The Russian Ministry of Education and Science has approved a new nomenclature of specializations in which academic degrees are conferred in Russia. The new list includes 21 new fields, including cognitive science. Maria Falikman, Head of the HSE School of Psychology, discusses the history of cognitive science, its formation at HSE, and its prospects for development.
Cognitive science as an interdisciplinary field of research turns 65 this year. The second day of the symposium on information processing that was held at the Massachusetts Institute of Technology in 1956 is considered its birthday. The psychologists, linguists, and artificial intelligence specialists who had gathered there agreed to develop a general science of human cognition. The researchers dubbed the new area ‘cognitive science’, though eyewitnesses disagree about who first proposed it.
At first, the field of cognitive research, along with the three above-mentioned disciplines, included neuroscience (now playing, perhaps, a key role in this field due to the rapid development of methods for studying the brain), philosophy of mind, and cultural anthropology. Now this field of interdisciplinary interaction has expanded significantly and includes a number of other disciplines, from economics to literary criticism. The first interdisciplinary journal called Cognitive Science appeared in 1977, and two years later the Cognitive Science Society was founded in the United States. A few years after that the first Master’s programmes and graduate schools in cognitive science began to open in the United States, and then in Europe.
In Russia, cognitive research was seriously discussed only at the turn of the century, although interdisciplinary studies of cognition, language and their brain mechanisms, not to mention developments in the field of artificial intelligence, of course, were carried out earlier. In 2004, the first Russian National Conference on Cognitive Science was held, which later received international status and attracted up to 3,000 participants. And one of the first laboratories in the country to contain the term in its name was the Laboratory for Cognitive Research headed by Igor Utochkin at HSE University. It was established in 2011.
A few years later, through the efforts of Professor Vasily Klyucharev and other colleagues, the Master’s Programme ‘Cognitive Sciences and Technologies: From Neuron to Cognition’ was launched, attracting students from all over the world and from various fields, from computer science to linguistics. Now the University has a number of departments engaged in cognitive research. The Institute for Cognitive Neuroscience houses the Centre for Cognition and Decision Making, the Centre for Bioelectric Interfaces, and the International Laboratory for Social Neurobiology. HSE also has centres and labs such as the Center for Language and Brain, the Laboratory for the Neurobiological Foundations of Cognitive Development, the Vision Modelling Laboratory, and the Laboratory for the Cognitive Psychology of Digital Interface Users.
It is significant that cognitive research is conducted not so much within disciplines that somehow deal with the problems of human perception, memory, thinking, language, and consciousness, but at the junctions between them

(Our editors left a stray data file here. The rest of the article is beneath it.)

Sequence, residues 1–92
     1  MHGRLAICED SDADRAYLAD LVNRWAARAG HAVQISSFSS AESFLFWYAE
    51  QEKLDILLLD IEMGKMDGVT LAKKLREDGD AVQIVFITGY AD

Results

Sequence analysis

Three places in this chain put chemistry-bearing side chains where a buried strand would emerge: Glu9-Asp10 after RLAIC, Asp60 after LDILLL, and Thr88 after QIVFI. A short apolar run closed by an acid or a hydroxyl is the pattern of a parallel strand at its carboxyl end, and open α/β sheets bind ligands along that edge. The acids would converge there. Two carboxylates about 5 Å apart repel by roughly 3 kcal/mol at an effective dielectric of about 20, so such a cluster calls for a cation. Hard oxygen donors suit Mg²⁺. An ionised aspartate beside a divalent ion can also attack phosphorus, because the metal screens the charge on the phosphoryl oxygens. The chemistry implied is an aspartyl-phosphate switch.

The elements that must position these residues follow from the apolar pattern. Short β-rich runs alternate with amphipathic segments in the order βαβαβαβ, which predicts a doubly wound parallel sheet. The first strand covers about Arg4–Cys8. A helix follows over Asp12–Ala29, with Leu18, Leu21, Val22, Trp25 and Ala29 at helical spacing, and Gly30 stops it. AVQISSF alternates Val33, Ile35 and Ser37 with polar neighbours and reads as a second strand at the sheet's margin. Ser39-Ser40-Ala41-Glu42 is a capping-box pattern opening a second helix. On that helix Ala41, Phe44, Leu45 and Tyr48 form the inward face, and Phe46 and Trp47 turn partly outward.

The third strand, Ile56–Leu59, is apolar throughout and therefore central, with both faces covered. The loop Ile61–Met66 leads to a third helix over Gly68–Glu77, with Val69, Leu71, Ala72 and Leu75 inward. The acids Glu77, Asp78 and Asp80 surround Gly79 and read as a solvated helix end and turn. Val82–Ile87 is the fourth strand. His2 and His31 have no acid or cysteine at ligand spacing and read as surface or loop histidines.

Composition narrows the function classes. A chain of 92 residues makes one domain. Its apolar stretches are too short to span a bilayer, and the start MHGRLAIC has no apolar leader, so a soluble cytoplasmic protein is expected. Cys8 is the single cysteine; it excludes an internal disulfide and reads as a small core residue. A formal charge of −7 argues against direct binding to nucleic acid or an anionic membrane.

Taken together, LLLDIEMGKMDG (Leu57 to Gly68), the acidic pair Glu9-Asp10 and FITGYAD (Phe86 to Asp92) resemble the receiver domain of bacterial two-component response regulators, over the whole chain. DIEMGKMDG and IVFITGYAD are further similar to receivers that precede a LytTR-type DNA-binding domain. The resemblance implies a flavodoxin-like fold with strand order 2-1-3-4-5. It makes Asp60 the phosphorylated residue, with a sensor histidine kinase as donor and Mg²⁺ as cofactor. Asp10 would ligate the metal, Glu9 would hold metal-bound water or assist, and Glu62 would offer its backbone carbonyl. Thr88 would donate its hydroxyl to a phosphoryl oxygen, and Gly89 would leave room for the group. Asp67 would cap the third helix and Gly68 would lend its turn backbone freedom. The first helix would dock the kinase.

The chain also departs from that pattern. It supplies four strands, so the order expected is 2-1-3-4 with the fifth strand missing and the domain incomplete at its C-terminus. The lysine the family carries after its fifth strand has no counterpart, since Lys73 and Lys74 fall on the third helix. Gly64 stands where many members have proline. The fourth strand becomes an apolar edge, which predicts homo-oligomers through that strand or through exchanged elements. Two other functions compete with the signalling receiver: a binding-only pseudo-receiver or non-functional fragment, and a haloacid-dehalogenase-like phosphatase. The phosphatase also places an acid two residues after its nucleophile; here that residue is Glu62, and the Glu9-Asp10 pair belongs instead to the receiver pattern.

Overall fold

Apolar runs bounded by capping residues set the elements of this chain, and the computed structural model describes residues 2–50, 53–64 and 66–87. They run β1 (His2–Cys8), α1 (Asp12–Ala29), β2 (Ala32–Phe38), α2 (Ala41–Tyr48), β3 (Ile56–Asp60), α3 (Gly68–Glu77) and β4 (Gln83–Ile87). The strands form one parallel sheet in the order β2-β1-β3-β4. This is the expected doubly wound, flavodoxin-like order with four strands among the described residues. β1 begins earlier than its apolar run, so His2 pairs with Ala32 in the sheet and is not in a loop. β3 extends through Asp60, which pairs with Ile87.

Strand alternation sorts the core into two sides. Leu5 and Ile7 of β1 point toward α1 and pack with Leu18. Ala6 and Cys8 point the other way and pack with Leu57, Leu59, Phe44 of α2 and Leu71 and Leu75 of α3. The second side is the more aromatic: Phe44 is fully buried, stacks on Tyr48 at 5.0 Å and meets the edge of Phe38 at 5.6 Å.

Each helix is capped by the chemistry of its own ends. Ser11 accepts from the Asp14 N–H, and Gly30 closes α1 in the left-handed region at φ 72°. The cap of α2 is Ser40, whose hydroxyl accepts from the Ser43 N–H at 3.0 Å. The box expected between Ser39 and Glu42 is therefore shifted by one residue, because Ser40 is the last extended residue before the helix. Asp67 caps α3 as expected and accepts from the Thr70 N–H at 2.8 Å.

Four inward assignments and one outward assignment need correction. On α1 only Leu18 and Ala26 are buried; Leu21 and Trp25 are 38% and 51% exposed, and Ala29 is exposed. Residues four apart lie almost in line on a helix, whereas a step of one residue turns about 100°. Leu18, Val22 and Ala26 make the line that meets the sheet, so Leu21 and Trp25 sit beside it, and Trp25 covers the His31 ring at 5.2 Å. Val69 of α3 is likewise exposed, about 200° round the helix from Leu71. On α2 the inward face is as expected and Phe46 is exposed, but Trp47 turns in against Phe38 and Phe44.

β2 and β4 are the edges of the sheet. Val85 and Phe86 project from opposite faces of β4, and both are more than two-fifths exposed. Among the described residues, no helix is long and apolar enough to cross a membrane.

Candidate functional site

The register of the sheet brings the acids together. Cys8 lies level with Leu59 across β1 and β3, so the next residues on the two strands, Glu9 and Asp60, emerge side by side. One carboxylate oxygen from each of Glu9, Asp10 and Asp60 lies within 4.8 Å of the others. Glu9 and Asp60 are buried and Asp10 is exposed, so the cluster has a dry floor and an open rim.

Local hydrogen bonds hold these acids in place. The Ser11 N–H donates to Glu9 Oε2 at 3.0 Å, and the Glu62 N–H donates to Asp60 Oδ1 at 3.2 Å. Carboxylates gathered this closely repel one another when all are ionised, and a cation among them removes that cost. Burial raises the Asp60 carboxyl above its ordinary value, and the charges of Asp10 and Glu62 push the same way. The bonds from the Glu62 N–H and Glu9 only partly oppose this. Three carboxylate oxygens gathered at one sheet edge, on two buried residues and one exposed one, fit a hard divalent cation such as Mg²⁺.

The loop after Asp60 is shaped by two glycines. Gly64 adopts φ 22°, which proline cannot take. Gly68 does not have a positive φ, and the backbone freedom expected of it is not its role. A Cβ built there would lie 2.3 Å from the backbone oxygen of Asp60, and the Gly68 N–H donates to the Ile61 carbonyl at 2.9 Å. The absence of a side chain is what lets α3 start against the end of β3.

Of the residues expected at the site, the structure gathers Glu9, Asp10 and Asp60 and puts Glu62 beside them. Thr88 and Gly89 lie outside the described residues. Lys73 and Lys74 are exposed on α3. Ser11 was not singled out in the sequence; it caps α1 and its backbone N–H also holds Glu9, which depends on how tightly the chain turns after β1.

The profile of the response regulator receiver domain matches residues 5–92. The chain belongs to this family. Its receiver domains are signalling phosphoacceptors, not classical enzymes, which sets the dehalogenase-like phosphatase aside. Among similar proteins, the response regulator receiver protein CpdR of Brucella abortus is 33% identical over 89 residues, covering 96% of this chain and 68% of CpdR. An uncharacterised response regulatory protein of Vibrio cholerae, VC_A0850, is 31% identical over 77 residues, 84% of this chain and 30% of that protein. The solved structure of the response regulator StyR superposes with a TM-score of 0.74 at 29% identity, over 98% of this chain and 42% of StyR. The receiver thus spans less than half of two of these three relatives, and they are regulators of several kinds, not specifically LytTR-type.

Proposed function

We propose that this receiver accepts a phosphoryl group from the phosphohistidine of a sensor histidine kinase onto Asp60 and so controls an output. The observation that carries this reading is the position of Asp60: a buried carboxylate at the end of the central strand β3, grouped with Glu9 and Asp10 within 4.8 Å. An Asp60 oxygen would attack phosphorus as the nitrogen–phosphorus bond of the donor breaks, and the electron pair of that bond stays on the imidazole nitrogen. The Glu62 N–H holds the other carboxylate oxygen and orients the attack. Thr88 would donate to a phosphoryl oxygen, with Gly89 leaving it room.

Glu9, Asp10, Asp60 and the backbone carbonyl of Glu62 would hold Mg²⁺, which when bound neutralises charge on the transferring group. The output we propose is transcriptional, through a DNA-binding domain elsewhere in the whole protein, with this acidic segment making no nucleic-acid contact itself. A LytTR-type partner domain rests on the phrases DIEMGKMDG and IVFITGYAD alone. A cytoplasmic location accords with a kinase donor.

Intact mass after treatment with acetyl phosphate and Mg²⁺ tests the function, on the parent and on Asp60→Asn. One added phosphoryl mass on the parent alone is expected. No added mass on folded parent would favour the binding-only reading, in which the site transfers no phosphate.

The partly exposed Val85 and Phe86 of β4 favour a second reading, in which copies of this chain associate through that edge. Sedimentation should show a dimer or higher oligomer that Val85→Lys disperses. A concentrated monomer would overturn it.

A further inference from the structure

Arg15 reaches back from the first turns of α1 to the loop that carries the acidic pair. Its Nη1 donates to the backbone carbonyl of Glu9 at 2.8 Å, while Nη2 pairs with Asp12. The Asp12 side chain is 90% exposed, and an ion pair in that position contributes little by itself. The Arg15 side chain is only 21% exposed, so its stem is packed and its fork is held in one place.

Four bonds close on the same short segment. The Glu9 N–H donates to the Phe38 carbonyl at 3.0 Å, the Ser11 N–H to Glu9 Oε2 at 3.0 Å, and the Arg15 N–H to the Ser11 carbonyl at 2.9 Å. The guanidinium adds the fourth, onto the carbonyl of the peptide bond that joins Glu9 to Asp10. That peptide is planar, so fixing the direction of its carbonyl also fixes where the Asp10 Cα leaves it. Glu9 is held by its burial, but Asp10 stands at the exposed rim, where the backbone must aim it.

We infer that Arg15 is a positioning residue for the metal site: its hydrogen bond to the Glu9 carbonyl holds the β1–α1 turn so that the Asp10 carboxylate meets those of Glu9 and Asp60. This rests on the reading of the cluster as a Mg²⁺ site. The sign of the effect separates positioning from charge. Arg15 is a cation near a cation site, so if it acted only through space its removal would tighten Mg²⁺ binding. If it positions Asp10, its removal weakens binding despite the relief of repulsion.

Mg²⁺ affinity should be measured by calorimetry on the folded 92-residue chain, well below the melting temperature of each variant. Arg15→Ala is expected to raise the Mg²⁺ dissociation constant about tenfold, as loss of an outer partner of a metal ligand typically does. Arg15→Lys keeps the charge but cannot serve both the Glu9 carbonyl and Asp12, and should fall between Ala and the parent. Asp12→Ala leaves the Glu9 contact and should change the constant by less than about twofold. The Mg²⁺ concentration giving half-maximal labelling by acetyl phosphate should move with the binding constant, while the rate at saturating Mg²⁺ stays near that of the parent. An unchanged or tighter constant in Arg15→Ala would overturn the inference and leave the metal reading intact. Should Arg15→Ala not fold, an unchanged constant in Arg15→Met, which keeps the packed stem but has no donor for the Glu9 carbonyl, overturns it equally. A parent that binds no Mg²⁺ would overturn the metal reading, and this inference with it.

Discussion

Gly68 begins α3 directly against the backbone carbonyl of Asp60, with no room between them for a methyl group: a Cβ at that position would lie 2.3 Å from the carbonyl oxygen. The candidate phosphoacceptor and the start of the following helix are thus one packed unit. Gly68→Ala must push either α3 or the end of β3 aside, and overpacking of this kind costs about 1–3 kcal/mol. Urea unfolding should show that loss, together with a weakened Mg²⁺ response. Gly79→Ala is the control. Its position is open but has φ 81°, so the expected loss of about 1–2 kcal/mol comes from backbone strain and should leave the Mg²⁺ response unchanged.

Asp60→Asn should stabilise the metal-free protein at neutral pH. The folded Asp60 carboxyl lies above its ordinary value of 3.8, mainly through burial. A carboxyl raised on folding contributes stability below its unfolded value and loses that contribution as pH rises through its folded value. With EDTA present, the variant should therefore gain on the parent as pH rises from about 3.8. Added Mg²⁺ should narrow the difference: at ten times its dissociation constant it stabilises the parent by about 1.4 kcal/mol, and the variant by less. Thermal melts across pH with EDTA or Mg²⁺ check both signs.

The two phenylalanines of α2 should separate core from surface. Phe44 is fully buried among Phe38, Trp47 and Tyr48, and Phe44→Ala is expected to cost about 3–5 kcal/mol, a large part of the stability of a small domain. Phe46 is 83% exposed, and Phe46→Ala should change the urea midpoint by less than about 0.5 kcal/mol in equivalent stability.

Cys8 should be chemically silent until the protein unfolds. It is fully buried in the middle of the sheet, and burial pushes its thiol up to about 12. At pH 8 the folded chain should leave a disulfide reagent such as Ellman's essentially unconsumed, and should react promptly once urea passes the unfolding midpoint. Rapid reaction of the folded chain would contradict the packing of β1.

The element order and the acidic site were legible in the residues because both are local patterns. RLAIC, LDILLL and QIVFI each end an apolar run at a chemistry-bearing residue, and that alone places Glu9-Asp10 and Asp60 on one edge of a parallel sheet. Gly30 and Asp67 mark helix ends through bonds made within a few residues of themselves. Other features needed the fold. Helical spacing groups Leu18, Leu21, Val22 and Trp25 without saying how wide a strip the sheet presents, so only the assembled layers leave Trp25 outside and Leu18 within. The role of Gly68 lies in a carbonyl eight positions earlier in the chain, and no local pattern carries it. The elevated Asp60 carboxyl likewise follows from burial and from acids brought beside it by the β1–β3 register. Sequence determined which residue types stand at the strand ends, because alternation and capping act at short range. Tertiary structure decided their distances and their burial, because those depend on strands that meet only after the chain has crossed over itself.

That is why the inclusion of cognitive science in the list of specializations recognized by the Higher Attestation Commission for degree conferment is fundamentally important for HSE University, which offers interdisciplinary areas of research such as neuroeconomics, neurolinguistics, cognitive modeling, and social neuroscience.
In what department do you defend a thesis that employs methods of recording brain activity to study a person’s understanding of sentences in their native language with a different structure: biology or philology? Where do you present a model of human visual attention based on an artificial neural network: before a psychology committee or a computer science committee? Now these are moot questions.
In the past, my colleagues and I took a number of steps to develop an interdisciplinary expert community of cognitive scientists. I cannot fail to mention the Moscow Seminar on Cognitive Science, which Ekaterina Pechenkova (currently a leading research fellow at the Laboratory for Cognitive Research, HSE) and I have held every two weeks for 15 years since 2002. Since 2014, the Russian Journal of Cognitive Science has been published, the editorial board of which consists of a number of representatives from different departments and schools of HSE. And now, when cognitive science has finally been included in the list of specializations of the Higher Attestation Commission, our university has many specialists who are able to evaluate not only specialized, but also interdisciplinary research.
I am sure that the creation of a dissertation council on cognitive research, which has now become possible, will open up new horizons for both graduates of the Master’s programme ‘Cognitive Sciences and Technologies: From Neuron to Cognition’ (their projects are, as a rule, are difficult to consign to any one specialization from the previous version of the list) and for other emerging researchers interested in the mysteries of human cognition. Today, all of the most interesting research happens precisely at the borders between different disciplines, and I am glad that the Russian Ministry of Education and Science has perceptively responded to this trend. And I am very grateful to HSE First Vice Rector Vadim Radaev, who supported the effort to include cognitive science in the list of specializations recognized by the Higher Attestation Commission.